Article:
The Housing Chronicles Blog: Scary Times

Sunday, September 7, 2008

Scary Times

Just how bad is the Fannie/Freddie situation? Back in July, according to a article, Ben Bernanke assured us that these two GSEs were just fine:

U.S. Federal Reserve Chairman Ben Bernanke told the U.S. Congress on Wednesday that troubled mortgage giants Fannie Mae and Freddie Mac are in "no danger of failing."

The two mortgage giants are "adequately capitalized," Bernanke said. However, "weakness of market confidence is having an effect" on the companies, making it difficult for them to raise capital.

How could he have been so wrong just a few months ago? Did he know and was just spinning the truth on some misguided hope that this fiasco could be avoided? Or was he that clueless? Either through corruption or incompetence, that does not bode well for the decision making process at the Federal Reserve.

And what of the bafoons running Freddie and Fanny? According to the WSJ, they are facing the humiliation of being removed from their jobs:

Mr. Lockhart appointed a new chief executive officer for each company but said he hopes to keep most other employees in place. At Fannie, Herb Allison, who has served for the past eight years as chairman of the investment company TIAA-CREF, succeeds Daniel Mudd. Freddie's chief executive, Richard Syron, was replaced by David Moffett, who has been vice chairman and chief financial officer of US Bancorp.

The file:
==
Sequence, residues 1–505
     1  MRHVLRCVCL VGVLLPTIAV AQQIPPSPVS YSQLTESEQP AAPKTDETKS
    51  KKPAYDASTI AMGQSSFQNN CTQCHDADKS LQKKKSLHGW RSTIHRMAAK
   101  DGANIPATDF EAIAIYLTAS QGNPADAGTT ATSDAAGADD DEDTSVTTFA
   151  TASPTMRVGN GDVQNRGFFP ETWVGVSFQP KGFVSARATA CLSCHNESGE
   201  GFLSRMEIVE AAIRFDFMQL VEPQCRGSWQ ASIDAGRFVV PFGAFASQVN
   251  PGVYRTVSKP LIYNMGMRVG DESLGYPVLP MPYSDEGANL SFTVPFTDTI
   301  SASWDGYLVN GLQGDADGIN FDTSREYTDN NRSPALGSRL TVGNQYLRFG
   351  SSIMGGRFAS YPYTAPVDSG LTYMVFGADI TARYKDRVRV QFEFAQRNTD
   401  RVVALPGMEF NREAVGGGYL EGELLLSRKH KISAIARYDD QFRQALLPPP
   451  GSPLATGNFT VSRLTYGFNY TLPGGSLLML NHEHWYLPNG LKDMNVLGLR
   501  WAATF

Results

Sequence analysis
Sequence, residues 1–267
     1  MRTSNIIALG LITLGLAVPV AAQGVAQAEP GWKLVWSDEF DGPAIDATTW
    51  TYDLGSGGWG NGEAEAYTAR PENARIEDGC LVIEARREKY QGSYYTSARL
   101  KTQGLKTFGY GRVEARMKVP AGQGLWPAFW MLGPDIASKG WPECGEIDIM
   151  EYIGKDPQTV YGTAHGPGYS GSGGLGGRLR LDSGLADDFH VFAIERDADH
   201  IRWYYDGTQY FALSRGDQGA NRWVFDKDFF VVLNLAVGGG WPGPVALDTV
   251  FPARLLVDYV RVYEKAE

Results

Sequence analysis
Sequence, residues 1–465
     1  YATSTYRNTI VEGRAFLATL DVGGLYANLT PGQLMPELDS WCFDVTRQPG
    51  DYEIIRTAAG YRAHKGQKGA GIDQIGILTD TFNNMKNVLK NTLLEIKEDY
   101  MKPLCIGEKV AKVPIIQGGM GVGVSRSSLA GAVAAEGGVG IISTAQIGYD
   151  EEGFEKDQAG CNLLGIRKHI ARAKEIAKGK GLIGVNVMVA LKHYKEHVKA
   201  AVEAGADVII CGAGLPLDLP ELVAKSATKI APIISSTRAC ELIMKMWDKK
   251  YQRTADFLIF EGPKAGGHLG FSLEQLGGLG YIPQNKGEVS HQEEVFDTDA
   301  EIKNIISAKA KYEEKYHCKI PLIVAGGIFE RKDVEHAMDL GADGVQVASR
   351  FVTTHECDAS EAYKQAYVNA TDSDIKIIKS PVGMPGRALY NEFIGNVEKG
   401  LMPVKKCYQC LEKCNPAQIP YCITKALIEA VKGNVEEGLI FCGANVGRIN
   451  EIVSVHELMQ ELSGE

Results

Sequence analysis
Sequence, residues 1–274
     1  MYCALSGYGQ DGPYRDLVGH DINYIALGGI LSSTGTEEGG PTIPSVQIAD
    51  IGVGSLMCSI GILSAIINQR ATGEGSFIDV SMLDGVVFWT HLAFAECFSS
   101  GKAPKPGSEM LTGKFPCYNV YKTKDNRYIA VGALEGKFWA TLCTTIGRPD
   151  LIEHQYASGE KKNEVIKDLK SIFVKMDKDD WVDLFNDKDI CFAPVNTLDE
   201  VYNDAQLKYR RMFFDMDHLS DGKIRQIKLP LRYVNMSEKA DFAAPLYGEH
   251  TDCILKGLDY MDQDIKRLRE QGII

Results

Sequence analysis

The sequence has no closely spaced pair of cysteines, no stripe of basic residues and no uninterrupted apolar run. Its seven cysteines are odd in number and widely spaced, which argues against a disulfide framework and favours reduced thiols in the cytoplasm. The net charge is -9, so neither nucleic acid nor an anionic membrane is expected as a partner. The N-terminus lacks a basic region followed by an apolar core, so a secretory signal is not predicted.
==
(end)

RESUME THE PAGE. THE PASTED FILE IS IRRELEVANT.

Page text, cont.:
It appears Mssrs. Syon and Mr. Mudd (how apropos is that name?) were brought in to clean up the place in 2003. They did a heck of a job, Brownie.

……But then the companies' efforts to disguise the normal fluctuations in their earnings led to regulatory findings that they had violated accounting rules. The scandals flushed out top executives at both firms.

In late 2003, Freddie drafted in as its chairman and CEO Mr. Syron, a former president of the Federal Reserve Bank of Boston and chief executive of the American Stock Exchange. A year later, Fannie gave a battlefield promotion to its chief operating officer, Daniel Mudd, giving its CEO job to the decorated ex-Marine, a son of TV newsman Roger Mudd.

But the humiliation of being booted is somewhat tempered by the obscene amount of money both are carting away:

Mr. Syron may walk away with an exit package that could total as much as $15 million, says David Schmidt, a senior consultant at James F. Reda & Associates LLC, a compensation consulting concern in New York. That includes a pension and deferred compensation, about $3.7 million in severance pay, and a possible payment of $8.8 million to compensate for forfeiting certain equity grants.

Mr. Mudd's exit package, including stock he already owns, could total $14 million, Mr. Schmidt estimates. That includes $5 million in pension and deferred compensation, $4.2 million in severance pay and $3.4 million of restricted stock, based on Friday's closing price. That value of that stock could fall sharply, however.

Of all the blogs, I think Mr. Mortgage’s blog hits the key factors the best. He is clearly outraged at what’s happening, as we all should be.

He points out that Freddie/Fannie’s toxic loans were made due to corruption/incompetence all the way to the top ( his entry 'Enron on Steroids').

He says these loans should not be bailed out by us taxpayers, and in fact at the time they were made, were explicitly not backed by the government. He and another blogger, Karl Denninger, extract the important points to focus on in this mess. Whether anybody is listening is debatable.

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